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Casper health officials struggle with contact tracing, asks residents to return calls
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Casper health officials struggle with contact tracing, asks residents to return calls

Covid-19 Press Conference

Hailey Bloom, public information officer of the Casper-Natrona County Health Department, speaks during a March 13 press conference in Casper.

After a person tests positive for COVID-19, a representative from their local health department will give them a call to find out if they’ve been around anyone during their window of infection.

This is called contact tracing and it’s been a vital tool for health officials working to identify infections before they become outbreaks, thus limiting the spread of a virus that has so far killed nearly 217,000 people in the U.S. alone.

But in order for health officials to do this job effectively, people need to answer their phone.

It’s becoming harder to get a hold of people who have tested positive for COVID-19 and their close contacts, Hailey Bloom, spokesperson for the Casper-Natrona County Health Department said Friday.

The county’s health officials in a press briefing Wednesday also urged residents to cooperate with such efforts. Director of the county health department, Anna Kinder, urged residents to be forthcoming if called by a contact tracer.

That press briefing was to inform the community that Wyoming Medical Center, the state’s largest hospital, had neared capacity after admitting a record number of COVID-19 patients. Health officials urged residents to wear masks, social distance and avoid large gatherings to help reverse the trend.

County Health Officer Dr. Ghazi Ghanem said at the time there is no judgement if someone tests positive, and they should be candid about what they were doing in the days before testing positive, and who they’ve encountered—not to be punished, but so that people unwittingly exposed to the virus can be notified.

Bloom acknowledged that most people receiving a call from an unknown number will probably send it to voicemail, fearing spam. That’s expected, Bloom said. But the department is having trouble getting all of those people to call back once they’ve listened to the voicemail explaining the purpose of the call.

Fewer people are returning voicemails than earlier in the pandemic, and some are “completely unreachable,” Bloom said. “It makes (contact tracing) almost impossible” in those situations.

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Confusion around contact tracing has not been limited to Natrona County. Gov. Mark Gordon issued a statement Friday clarifying that members of the Wyoming National Guard who have been deployed to assist in contact tracing efforts are not being used for “any enforcement activities whatsoever.”

Guard members are only helping contact people who might have been exposed to the virus by someone who has already tested positive, the statement reads.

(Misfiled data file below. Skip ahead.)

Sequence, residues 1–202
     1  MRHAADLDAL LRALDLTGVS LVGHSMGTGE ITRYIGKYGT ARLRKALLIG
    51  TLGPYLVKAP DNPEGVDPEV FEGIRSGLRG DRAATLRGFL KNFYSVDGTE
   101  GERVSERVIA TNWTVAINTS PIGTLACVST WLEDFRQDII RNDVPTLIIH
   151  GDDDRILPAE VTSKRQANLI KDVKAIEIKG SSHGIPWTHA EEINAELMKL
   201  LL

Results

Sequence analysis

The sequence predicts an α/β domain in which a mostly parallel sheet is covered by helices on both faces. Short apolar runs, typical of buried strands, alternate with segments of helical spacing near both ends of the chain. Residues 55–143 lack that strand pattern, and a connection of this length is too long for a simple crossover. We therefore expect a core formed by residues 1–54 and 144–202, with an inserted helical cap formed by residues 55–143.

If you test positive for COVID-19, or have had close contact with someone who has, here’s what you should expect, according to Bloom:

Once a person tests positive for the virus, a contact tracer will call them with a handful of questions to identify where they’ve been, and who they might have been in close contact with.

Bloom said if that person was in any public gatherings, the department would investigate further to ensure there weren’t a large number of infections tied to one event.

But most typically, the close contacts are those who the positive person lives and works with.

The health department will then contact those individuals to notify them that they’ve been in contact with a recent positive case, and to ensure that they self-quarantine for 14 days.

The department doesn’t reach out to the close contacts of those people until or unless that individual tests positive themselves.

Bloom said health officials will attempt to contact a person three to four times over the course of a week, calling at different times of day, hoping to reach the individual. If the person have a mailing address, the department would then attempt to reach them by mail. But if that person doesn’t call back, there’s no way for the department to ensure they aren’t spreading the virus.

Bloom stressed that contact tracers are “not out to judge or punish you,” if you test positive for the virus. “No one is in trouble,” she said.

“The end goal is really just to protect other people.”

Follow local government reporter Morgan Hughes on Twitter @morganhwrites


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Health and education reporter

Morgan Hughes covers health and education in Wyoming. After growing up in rural Wisconsin, she graduated from Marquette University in 2018. She moved to Wyoming shortly after and covered education in Cheyenne before joining the Star-Tribune in May 2019.

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